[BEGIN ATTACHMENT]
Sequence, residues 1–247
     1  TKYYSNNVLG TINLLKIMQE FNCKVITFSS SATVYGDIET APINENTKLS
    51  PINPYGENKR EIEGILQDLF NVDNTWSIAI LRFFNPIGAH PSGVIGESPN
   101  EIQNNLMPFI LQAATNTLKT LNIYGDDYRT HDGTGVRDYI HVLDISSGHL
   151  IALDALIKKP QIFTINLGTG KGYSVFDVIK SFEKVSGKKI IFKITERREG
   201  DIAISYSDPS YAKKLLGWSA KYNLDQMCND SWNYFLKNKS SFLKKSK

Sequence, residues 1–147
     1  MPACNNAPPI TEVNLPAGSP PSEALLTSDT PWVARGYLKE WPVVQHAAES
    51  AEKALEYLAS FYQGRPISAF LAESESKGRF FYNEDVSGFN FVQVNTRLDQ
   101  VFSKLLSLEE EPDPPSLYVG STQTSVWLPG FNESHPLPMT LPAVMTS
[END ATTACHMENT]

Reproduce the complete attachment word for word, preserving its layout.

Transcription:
Sequence, residues 1–247
     1  TKYYSNNVLG TINLLKIMQE FNCKVITFSS SATVYGDIET APINENTKLS
    51  PINPYGENKR EIEGILQDLF NVDNTWSIAI LRFFNPIGAH PSGVIGESPN
   101  EIQNNLMPFI LQAATNTLKT LNIYGDDYRT HDGTGVRDYI HVLDISSGHL
   151  IALDALIKKP QIFTINLGTG KGYSVFDVIK SFEKVSGKKI IFKITERREG
   201  DIAISYSDPS YAKKLLGWSA KYNLDQMCND SWNYFLKNKS SFLKKSK

Sequence, residues 1–147
     1  MPACNNAPPI TEVNLPAGSP PSEALLTSDT PWVARGYLKE WPVVQHAAES
    51  AEKALEYLAS FYQGRPISAF LAESESKGRF FYNEDVSGFN FVQVNTRLDQ
   101  VFSKLLSLEE EPDPPSLYVG STQTSVWLPG FNESHPLPMT LPAVMTS